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Soft Spur

A.W.B. Simpson, 3 February 1983

What next in the Law 
by Lord Denning.
Butterworth, 352 pp., £9.95, July 1982, 0 406 17602 7
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... When the publishers announced yet another book by Lord Denning, the fourth in three years, and one with the alarming title What next in the Law, I recall feeling a sense of foreboding: what next indeed? Recalled shortly after publication because of some unfortunate remarks about juries and the nature of society (subjects upon which judges, if one reflects on the matter, are not likely to be well-informed), What next in the Law is once more available, albeit with the naughty bits removed ...

When judges sleep

Stephen Sedley, 10 June 1993

In the Highest Degree Odious: Detention without Trial in Wartime Britain 
by A.W.B. Simpson.
Oxford, 453 pp., £35, December 1992, 0 19 825775 9
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... bat. A book may be lurking there, as it must in many other corners of the legal attic. Brian Simpson himself embarked on such an enterprise some years ago with the 19th-century case, known to every law student, of the Crown v. Dudley and Stephens – the captain and mate of the yacht Mignonette who survived a ship-wreck by eating the cabin boy and were ...


Conor Gearty: Blunkett’s Folly, 29 November 2001

Human Rights and the End of Empire: Britain and the Genesis of the European Convention 
by A.W.B. Simpson.
Oxford, 1176 pp., £40, June 2001, 0 19 826289 2
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... he and his dervishes were the subject of repeated air attacks by an RAF unit. As A.W.B. Simpson writes in one of the early chapters of this sprawling, monumental and sometimes magnificent book, Z Unit was responsible for bombing ‘Medishi Jidali, where there was a fort, and for machine-gun attacks on the unfortunate sheep owned by the ...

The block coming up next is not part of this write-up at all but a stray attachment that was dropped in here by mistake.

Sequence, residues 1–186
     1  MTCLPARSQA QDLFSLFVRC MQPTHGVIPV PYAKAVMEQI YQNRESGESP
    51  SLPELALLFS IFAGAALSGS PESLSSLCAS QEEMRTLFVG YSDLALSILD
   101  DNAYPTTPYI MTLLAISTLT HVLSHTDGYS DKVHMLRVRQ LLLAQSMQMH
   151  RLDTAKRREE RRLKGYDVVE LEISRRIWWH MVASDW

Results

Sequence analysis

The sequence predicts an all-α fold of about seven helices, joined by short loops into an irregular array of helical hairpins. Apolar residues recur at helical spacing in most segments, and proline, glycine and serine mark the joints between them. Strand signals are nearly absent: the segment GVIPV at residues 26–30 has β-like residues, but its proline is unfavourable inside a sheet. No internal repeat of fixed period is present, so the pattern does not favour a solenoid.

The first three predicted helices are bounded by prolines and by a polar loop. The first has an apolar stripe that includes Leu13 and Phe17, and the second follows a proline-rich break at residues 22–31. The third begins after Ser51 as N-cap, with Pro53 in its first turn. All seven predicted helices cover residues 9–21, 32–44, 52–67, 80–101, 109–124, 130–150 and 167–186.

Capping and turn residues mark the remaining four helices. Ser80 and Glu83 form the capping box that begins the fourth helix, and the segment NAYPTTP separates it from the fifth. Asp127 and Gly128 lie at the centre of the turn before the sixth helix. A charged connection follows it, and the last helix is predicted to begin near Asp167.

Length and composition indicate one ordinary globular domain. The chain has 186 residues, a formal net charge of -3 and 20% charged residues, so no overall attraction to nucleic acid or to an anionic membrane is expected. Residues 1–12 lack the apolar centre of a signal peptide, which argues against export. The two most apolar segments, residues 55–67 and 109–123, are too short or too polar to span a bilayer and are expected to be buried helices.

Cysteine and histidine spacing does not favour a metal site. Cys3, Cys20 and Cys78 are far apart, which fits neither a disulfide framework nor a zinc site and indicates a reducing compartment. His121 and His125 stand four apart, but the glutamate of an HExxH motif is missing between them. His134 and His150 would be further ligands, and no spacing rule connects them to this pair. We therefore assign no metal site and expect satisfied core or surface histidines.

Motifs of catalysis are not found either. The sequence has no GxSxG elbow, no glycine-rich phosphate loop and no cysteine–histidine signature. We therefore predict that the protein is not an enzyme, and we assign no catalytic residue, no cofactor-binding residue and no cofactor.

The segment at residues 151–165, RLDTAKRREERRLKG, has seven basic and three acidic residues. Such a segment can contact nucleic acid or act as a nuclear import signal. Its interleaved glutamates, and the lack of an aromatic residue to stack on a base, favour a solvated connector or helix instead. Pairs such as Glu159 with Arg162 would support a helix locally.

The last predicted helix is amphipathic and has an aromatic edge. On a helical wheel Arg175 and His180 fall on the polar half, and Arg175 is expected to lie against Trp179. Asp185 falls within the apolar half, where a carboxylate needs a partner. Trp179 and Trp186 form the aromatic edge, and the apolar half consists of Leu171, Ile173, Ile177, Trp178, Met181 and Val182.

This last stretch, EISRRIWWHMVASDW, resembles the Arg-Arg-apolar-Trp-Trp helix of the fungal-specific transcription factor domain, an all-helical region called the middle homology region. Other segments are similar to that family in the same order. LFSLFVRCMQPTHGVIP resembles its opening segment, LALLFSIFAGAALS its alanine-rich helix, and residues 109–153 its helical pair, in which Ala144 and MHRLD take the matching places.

Eating people

Claude Rawson, 24 January 1985

Cannibalism and the Common Law: The Story of the Tragic Last Voyage of the ‘Mignonette’ 
by A.W.B. Simpson.
Chicago, 353 pp., £21.25, July 1984, 0 226 75942 3
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... coy or slippery when it comes to indicating or proposing enactment. There is a belief, reported in Simpson’s book, that once ‘the taboo ... has been broken’ the eater finds the practice pleasurable and even addictive: Flaubert, who also studied the pathology of starvation from medical textbooks and the literature of shipwreck, describes in Salammbô the ...

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